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The crew of a Japan Airlines (JAL) Boeing 777 returned for landing, after an engine malfunctioned, emitting flames. There were no injuries.

The incident happened on Friday, the 15th of October. It involved JAL flight JL-15, from Los Angeles (KLAX) in the United States, to Tokyo Haneda (RJTT) in Japan. The aircraft took off from runway 25R in LAX but didn’t go very long into its Pacific crossing before trouble came.

INCIDENT: JAL 777, Engine Flames Over Los Angeles

Photo: Glenn Beltz, CC BY 2.0

The JAL flight crew stopped their climb at 5,000 feet after the right-hand engine of their Boeing 777 malfunctioned. The pilots declared an emergency and requested a return to Los Angeles. They also requested to dump fuel, advising that they could climb to 6,000 feet before doing so. ATC quickly cleared them to that altitude, for fuel dumping.

Having secured their right-hand engine the JAL crew put their 777 on a hold over water, for their fuel dumping. They eventually made a safe landing, at runway 25L. The incident flight lasted approximately 45 minutes, the aircraft then taxiing to a remote stand. The jet has not flown since. The incident aircraft is a Boeing 777-300ER, tail number JA740J. It is just over 13 years old, JAL being its first and only operator.

INCIDENT: JAL 777, Engine Flames Over Los Angeles

Photo (cropped): Glenn Beltz, CC BY 2.0

 

The JAL 777 And Other Engine Variants

Note here that the 777-300ER has General Electric GE90-115B engines. There have been some incidents involving engine failures with 777 aircraft, including one belonging to JAL. However, these jets had Pratt & Whitney engines. This issue involves a different 777 variant, with damage to a different engine. Most 777s in service today have these GE90 engines.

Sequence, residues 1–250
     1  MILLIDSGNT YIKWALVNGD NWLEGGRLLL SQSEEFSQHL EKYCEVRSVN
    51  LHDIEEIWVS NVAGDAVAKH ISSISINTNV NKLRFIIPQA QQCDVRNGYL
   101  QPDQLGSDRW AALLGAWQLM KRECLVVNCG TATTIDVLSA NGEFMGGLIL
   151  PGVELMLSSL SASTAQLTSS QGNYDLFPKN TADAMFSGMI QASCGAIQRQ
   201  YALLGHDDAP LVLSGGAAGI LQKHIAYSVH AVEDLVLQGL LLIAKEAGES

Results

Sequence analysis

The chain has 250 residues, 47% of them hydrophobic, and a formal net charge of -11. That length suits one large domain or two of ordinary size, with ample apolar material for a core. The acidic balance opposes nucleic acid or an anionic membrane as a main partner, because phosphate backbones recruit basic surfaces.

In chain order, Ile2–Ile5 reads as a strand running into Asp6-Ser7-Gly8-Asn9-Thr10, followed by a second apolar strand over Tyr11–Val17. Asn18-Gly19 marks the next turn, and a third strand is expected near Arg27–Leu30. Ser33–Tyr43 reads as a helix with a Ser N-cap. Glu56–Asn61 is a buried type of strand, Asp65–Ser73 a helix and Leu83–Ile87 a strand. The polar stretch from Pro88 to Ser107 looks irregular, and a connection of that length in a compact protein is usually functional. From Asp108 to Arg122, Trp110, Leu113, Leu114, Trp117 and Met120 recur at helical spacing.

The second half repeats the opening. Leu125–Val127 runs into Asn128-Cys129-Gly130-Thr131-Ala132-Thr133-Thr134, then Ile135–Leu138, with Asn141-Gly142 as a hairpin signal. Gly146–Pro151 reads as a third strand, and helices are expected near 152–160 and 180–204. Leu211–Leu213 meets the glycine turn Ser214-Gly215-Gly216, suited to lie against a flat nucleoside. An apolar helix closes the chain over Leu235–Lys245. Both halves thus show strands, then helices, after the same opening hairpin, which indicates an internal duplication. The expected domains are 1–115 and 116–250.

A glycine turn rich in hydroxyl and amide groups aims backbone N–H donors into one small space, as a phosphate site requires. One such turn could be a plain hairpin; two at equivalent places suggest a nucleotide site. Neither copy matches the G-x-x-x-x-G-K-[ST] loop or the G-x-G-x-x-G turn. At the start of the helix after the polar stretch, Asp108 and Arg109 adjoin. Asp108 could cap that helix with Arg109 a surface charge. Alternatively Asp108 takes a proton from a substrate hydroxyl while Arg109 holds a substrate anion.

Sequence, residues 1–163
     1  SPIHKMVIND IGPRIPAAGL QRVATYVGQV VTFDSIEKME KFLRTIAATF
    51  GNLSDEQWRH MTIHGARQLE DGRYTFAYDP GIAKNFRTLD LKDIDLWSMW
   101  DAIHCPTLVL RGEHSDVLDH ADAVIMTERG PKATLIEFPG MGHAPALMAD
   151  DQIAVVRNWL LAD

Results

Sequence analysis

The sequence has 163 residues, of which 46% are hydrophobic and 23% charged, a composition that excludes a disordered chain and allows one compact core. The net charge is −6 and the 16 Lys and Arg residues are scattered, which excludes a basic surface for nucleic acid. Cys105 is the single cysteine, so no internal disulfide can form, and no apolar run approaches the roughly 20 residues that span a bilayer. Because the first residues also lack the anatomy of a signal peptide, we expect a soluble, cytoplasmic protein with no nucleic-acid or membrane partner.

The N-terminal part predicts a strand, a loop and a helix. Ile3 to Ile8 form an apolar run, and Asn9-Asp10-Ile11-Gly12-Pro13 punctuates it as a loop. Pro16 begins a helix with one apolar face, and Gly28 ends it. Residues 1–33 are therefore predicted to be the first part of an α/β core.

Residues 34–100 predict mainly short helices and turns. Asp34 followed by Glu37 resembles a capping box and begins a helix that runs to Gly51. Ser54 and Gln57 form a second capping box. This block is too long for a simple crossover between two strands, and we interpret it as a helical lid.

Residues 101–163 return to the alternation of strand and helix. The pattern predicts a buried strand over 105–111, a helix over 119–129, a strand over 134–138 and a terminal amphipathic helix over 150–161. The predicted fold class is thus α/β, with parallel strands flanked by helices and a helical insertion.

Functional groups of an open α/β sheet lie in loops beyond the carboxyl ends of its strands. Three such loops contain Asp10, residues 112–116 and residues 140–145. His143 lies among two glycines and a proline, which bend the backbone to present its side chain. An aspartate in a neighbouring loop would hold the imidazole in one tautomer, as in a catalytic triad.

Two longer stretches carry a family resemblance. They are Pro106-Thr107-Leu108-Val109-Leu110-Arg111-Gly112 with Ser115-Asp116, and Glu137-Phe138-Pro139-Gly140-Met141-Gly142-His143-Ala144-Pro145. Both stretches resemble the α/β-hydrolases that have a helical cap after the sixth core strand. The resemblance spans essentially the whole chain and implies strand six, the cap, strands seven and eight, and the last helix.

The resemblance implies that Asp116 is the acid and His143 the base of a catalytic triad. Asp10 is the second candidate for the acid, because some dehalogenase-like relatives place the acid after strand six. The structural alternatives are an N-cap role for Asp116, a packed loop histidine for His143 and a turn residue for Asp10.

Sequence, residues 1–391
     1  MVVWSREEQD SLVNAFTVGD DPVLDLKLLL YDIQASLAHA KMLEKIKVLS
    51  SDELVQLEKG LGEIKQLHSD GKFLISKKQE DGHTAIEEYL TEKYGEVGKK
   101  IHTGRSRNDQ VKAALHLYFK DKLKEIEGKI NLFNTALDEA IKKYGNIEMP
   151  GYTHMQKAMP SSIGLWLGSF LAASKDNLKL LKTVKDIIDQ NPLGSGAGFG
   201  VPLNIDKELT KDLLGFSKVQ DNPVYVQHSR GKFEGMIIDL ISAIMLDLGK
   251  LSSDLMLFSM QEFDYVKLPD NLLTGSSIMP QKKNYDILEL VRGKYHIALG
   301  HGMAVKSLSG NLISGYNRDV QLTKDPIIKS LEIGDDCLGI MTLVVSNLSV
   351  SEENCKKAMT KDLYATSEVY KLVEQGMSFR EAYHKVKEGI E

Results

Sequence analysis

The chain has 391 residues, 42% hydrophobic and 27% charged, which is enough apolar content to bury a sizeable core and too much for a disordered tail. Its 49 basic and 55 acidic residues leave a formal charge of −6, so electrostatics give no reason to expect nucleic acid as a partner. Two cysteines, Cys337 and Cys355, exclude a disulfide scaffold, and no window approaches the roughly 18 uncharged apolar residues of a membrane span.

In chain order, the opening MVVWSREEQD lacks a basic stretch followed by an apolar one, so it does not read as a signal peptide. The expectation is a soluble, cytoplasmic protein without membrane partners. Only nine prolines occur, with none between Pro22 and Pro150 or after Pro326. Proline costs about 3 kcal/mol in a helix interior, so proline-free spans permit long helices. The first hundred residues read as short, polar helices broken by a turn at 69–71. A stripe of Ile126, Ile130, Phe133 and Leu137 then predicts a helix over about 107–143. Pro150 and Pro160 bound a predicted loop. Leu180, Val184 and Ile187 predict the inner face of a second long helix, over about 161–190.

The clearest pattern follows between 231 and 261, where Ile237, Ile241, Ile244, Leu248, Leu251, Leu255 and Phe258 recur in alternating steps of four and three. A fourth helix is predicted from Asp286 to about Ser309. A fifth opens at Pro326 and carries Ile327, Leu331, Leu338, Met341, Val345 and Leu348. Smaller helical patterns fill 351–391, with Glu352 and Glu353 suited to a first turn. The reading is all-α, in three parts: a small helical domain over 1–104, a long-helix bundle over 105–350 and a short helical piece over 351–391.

Also, note that the exact nature of the malfunction isn’t clear. A single picture (even an exceptionally good one) doesn’t necessarily show the dynamics and nature of a malfunction. In a recent incident involving a 747, a well-timed picture seemed to suggest that an engine was in flames after landing. A video of the same event showed how lucky the photographer was (by his own admission) in capturing what was really an instantaneous event.

However, it is worth noting that a similar-looking engine malfunction, involving another JAL 777, happened in 2017. On that occasion, the cause involved a fractured fifth stage stator vane, due to arch-binding. This then caused more fractures downstream of the 5th stage. Flames behind the engine were the result of improper fuel-air mixture, after the damage. But again: “similar-looking”, by comparing still pictures, is highly subjective.

As for this incident, the photographer who captured this image of the JAL 777 engine trouble is Glenn Beltz. He took the photo from Imperial Hill, a popular viewing spot south of LAX. Beltz explains that he was in mid-conversation with people at the site when the smoke behind the aircraft caught his attention.

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